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Buying, Using And Storing Herbs: 4 Rules To Follow

Herbs and spices have a prominent position on my Anti-Inflammatory Diet Pyramid because these culinary staples offer not only flavor enhancement to foods, but some are also healthful compounds that can both lower disease risk and alleviate symptoms of existing health concerns.

When it comes to herbs and spices (herbs are typically the leafy, green portions of a plant, while spices are derived from other parts including seeds, berries, fruits, bark and roots), knowing how to buy and store them can help keep them fresher, longer. Use these tips: 

  1. Fresh is best when it comes to flavor. Growing your own herbs is not only cost effective, but offers up freshness to every meal. Even if you have no room for a vegetable garden, a few pots in a sunny window can produce a handful of herbs for you to use. If you simply can't grow them, take advantage of the fresh herbs that are now widely available in the produce section of most supermarkets and natural food stores.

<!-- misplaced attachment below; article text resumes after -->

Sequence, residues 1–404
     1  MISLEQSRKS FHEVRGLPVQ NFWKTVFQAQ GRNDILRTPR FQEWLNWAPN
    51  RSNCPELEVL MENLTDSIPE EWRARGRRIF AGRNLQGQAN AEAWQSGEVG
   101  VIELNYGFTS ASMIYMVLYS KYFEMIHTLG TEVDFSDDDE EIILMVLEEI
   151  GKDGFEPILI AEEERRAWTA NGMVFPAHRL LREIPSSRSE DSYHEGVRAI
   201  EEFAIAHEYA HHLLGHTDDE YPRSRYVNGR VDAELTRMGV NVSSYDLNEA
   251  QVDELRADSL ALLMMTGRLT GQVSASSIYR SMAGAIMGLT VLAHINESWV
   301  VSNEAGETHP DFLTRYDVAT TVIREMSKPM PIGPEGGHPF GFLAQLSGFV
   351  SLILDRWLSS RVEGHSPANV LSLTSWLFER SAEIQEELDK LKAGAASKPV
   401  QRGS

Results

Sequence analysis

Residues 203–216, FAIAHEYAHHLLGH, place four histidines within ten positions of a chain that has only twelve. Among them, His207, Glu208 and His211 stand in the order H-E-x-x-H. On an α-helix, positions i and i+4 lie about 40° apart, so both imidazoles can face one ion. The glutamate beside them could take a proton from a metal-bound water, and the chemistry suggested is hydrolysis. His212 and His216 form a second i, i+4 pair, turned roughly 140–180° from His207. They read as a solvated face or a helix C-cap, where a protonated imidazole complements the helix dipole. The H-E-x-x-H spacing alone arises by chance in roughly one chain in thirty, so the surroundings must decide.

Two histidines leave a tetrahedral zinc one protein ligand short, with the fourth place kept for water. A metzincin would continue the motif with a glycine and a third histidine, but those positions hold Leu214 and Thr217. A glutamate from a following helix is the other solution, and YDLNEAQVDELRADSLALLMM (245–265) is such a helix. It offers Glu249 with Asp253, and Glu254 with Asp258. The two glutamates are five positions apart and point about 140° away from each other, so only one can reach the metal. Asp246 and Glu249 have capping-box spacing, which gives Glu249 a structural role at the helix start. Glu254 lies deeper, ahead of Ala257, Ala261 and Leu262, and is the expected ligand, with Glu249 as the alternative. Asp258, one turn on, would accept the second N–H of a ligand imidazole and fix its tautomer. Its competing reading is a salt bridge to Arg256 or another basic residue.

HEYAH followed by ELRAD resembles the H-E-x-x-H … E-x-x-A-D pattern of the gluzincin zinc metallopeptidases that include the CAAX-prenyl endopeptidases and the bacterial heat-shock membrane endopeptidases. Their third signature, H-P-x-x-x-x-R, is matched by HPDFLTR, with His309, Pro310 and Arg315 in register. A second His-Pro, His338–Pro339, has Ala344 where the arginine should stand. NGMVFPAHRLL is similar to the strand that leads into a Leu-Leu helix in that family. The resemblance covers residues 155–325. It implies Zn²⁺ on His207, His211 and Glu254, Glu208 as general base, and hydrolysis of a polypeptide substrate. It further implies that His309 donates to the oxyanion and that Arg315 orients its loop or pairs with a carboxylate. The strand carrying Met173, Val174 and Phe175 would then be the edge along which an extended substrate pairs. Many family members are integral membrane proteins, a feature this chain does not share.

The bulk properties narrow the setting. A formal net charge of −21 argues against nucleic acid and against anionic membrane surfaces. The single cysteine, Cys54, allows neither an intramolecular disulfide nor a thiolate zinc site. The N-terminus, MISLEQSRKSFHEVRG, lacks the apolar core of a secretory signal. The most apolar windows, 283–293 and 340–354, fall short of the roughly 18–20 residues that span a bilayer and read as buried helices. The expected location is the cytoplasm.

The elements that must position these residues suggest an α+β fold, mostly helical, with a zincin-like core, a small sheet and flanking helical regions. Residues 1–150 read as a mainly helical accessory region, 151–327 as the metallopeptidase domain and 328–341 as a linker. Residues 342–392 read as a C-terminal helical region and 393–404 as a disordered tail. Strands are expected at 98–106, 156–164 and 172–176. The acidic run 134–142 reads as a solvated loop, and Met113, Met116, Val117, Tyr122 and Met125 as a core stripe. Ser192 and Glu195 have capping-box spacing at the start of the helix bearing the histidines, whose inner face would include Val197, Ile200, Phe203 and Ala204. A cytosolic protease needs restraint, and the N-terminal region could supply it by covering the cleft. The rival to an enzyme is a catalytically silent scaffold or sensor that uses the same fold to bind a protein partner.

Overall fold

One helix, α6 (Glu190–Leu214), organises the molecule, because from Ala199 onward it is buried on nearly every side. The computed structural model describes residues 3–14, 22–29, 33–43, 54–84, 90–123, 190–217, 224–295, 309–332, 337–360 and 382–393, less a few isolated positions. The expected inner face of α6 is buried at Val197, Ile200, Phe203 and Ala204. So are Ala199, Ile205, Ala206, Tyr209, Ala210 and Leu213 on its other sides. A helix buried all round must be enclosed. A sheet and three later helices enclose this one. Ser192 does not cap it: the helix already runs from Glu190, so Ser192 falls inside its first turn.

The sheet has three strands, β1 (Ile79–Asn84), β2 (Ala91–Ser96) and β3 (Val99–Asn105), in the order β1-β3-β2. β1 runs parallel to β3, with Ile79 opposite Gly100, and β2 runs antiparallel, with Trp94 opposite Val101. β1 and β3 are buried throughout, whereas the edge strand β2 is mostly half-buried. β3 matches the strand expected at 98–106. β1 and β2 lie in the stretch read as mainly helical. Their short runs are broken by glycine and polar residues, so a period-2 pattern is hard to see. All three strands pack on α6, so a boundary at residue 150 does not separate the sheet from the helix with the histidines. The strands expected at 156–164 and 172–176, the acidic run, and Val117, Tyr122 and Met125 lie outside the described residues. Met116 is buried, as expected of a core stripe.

2. Dried herbs often suffer from muted flavors because the essential oils have volatized away. Two ways to encourage the flavor to return - crush with your fingers or a mortar and pestle just before cooking to release the oils that remain. You can also briefly sauté them with olive oil on low heat.
  3. If you do use dried herbs and spices, store them in tightly covered containers away from light, heat and moisture. Don't sprinkle from a container into a steaming pot - the steam will enter the container and degrade the spice over time. Instead, shake into your palm, away from the steam, before adding to the dish.
  4. Generally speaking, dried, ground herbs and spices are typically good for up to six months.